RDP 2011-08: The Mining Industry: From Bust to Boom 5. Comparisons with Past Mining Booms

Mining booms are not new to Australia. Focusing on the post-WWII period, there were a number of booms between the late 1960s and the early 1980s, due to new discoveries and surges in global commodity prices. In the late 1960s, increased Japanese demand for steelmaking materials and the development of bulk carriers opened up the seaborne trade in coal and iron ore, and there were discoveries of oil, bauxite and nickel. This resulted in a surge in mining investment and culminated in the Poseidon stock market bubble in 1969/70. Then in 1973 and 1974, energy prices increased dramatically due to the OPEC oil embargo, while mineral commodity prices also rose strongly, resulting in a 30 per cent increase in Australia's terms of trade before they fell back as the world entered recession in 1974/75. The second surge in commodity prices from 1978 to 1981 led to another period of great optimism, with expectations that Australia would become a much larger exporter of energy and processed metals. However, this turned out to be short-lived – although commodity prices rose by 40 per cent over the period, import prices were also rising strongly, largely offsetting the boost to national income, and commodity prices subsequently began their long decline with the 1982 global recession.[27] These booms were associated with periods of very poor macroeconomic outcomes, with high unemployment and inflation. In comparison, although Australia has experienced a larger mining boom in the 2000s, the macroeconomy has been much more stable, partly due to improvements in the institutional framework with the adoption of a floating exchange rate, decentralised wage bargaining, an inflation-targeting regime and product market flexibility.

Australia's freely floating exchange rate has allowed a real appreciation to occur in response to the 2000s mining boom without the adjustment coming through high inflation, as occurred under the less flexible exchange rate regimes of the 1970s and early 1980s. The surge in mining export receipts in the late 1960s and early 1970s generated strong domestic demand and placed upward pressure on the exchange rate. The Government kept the exchange rate fixed, building foreign reserves and allowing the domestic money supply to grow at an annual rate of over 20 per cent in the early 1970s (Figure 25). When the Government finally revalued the exchange rate in late 1972 and 1973, it was too late to restrain inflation, which had drifted up from around 3 per cent in the late 1960s to 7 per cent in 1971. In contrast, during the 2000s, the floating exchange rate began appreciating as the global economy recovered from the 2001 recession, and appreciated further over the remainder of the decade as the terms of trade continued to rise. Furthermore, when commodity prices moved sharply in 2008/09, the exchange rate adjusted to cushion the shock to the economy. Overall, the higher exchange rate has helped to offset the expansionary effect of the increase in mining export receipts and investment.

Figure 25: Mining Booms and the Macroeconomy

The consequences of the mining booms in the 1970s and early 1980s for inflation were magnified by the wage-fixing system, which tended to transmit demand pressures in one sector to wages across the economy through the principle of comparative wage justice. In early 1974, at the height of the terms of trade boom, miners secured a 20 per cent increase in minimum award wages, which was followed soon after by a similar increase in award wages for all industries. When combined with the surge in energy prices, the wages explosion resulted in inflation peaking at over 17 per cent in early 1975. This episode significantly increased real wages across the economy, contributing to a structural increase in unemployment over subsequent years. The (short-lived) resources boom of the early 1980s led the metals manufacturing industry to agree to a 24 per cent rise in hourly wages in 1982, which then set a precedent for other industries, resulting in a 16 per cent rise in wages across the workforce (Kelly 1992). This explosion in wages was followed by inflation of over 12 per cent and the 1982/83 recession, during which employment in metals manufacturing fell by a fifth and the unemployment rate rose to 10 per cent. In contrast, the replacement of the centralised wage system with more deregulated wage structures has enabled a rise in mining industry wages in the 2000s to be contained from the wage structure across the economy.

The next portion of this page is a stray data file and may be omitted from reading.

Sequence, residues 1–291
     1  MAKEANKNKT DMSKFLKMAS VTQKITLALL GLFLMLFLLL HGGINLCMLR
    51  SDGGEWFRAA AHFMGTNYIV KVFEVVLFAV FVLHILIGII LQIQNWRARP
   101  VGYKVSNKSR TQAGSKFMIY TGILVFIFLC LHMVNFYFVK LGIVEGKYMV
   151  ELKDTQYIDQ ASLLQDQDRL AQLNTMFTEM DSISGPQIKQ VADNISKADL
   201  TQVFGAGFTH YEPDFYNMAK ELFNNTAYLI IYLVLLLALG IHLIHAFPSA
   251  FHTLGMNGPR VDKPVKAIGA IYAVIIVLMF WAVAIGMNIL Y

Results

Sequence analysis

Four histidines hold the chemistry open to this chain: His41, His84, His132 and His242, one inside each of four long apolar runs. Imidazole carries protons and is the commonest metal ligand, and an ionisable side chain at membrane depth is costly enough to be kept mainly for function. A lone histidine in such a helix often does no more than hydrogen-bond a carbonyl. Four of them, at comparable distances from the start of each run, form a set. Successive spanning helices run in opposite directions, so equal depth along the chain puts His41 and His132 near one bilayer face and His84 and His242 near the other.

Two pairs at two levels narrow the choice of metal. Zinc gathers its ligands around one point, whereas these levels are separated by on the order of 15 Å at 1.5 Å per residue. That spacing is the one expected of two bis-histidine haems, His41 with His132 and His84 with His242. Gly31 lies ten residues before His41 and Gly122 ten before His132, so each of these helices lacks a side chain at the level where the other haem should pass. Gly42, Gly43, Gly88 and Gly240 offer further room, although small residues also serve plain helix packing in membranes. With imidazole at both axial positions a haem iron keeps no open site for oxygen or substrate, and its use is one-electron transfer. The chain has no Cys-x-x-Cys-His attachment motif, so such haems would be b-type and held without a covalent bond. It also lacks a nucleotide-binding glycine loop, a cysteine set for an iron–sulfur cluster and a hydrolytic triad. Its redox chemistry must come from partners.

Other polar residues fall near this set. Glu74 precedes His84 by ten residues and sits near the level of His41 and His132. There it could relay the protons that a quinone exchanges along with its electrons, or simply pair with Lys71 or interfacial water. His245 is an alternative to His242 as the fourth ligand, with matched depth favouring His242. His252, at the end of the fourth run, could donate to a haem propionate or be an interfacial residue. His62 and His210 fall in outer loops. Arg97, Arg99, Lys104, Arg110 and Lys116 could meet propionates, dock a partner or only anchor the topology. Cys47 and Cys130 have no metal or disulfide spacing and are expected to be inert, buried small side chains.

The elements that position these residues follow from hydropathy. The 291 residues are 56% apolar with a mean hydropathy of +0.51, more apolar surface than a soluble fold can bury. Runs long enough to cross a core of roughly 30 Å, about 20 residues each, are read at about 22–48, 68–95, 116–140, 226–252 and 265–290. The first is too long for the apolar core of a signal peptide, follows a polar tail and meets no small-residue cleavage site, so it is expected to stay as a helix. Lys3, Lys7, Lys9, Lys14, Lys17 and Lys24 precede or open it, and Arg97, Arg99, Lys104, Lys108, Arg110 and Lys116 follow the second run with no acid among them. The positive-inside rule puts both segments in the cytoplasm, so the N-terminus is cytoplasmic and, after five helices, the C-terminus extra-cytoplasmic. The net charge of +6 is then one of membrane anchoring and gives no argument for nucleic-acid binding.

Other changes in government policy have also contributed to better macroeconomic outcomes during the 2000s. The current boom has occurred after a strengthening of institutions, including the introduction of a clear inflation-targeting framework and operational independence for the RBA, with inflation and aggregate wage growth remaining much more contained during the 2000s than in the 1970s and early 1980s. In addition, the economic reforms undertaken by Australian Governments since the 1970s to deregulate product markets have improved the ability of the economy to flexibly respond to mining booms and changes in relative prices more broadly. As an example, trade barriers have been wound back progressively, with the Productivity Commission (2011) estimating that the effective rate of assistance to manufacturing has fallen from around 35 per cent in the early 1970s to around 5 per cent in the 2000s. The lower trade barriers have given households and businesses greater access to global markets to satisfy the extra demand generated by the mining boom, reducing the inflationary pressure in the domestic economy.


For more detail on these mining booms, see Sykes (1978), Pagan (1987), Blainey (2003), Gruen (2006) and Battellino (2010). [27]